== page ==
There are clearly some real challenges ahead in terms of how the telecoms market may evolve, the proliferation of mobile use for a wider range of consumer purposes and the need to do more than just clear or reallocate spectrum
The evolving market means it is “a good time” to review “how well the market might work for people and businesses” and consider the approach to regulating it, Ofcom said.
The regulator said, however, that it is “not proposing new regulatory interventions in mobile markets at this stage” and would instead “continue to monitor how competition evolves and assess any key risks that might affect the delivery of good outcomes”, and “engage and take action where necessary”.
Ofcom said, though, that it does intend to be more explicit in future about how it has “considered investment when making policy decisions”, and it is undertaking a review of the UK’s ‘net neutrality’ rules. It expects to publish initial findings from that review in the summer.
In a separate discussion paper (47-page / 3.28MB PDF), Ofcom said it plans to “shift” the way it manages spectrum to account for the growing demand across industries for access to spectrum to support wireless connectivity.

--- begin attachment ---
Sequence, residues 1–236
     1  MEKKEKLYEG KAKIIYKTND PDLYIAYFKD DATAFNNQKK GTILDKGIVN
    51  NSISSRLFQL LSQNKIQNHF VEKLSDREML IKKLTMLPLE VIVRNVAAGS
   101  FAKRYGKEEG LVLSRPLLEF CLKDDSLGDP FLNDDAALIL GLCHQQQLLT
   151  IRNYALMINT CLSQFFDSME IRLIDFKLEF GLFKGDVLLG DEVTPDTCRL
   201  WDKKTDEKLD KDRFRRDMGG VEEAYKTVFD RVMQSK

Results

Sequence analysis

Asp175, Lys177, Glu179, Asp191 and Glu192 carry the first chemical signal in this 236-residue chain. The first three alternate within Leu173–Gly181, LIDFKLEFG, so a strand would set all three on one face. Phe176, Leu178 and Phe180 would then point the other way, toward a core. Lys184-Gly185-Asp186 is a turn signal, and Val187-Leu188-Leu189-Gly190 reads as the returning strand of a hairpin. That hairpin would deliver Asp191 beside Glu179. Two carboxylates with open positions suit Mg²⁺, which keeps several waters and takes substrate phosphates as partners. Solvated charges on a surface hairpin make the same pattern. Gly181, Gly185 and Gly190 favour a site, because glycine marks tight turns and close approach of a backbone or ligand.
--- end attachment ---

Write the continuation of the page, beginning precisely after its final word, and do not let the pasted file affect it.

The regulator is not making any proposals for change currently, but instead said it wants its discussion paper and associated consultation “to encourage longer-term thinking about how public mobile networks in the UK may need to evolve to meet future demand, in light of expected growth and demand for spectrum from other users”.
In its paper, however, Ofcom said that while it expects the supply of spectrum to be sufficient to meet demand for the resource over the remainder of this decade, there is “a greater level of uncertainty” about that beyond 2030. It said freeing up additional spectrum for use by industry may not provide a solution in isolation and that “significant ongoing investment in mobile networks” will be required, including in relation to the densification of networks to build the necessary capacity to meet demand.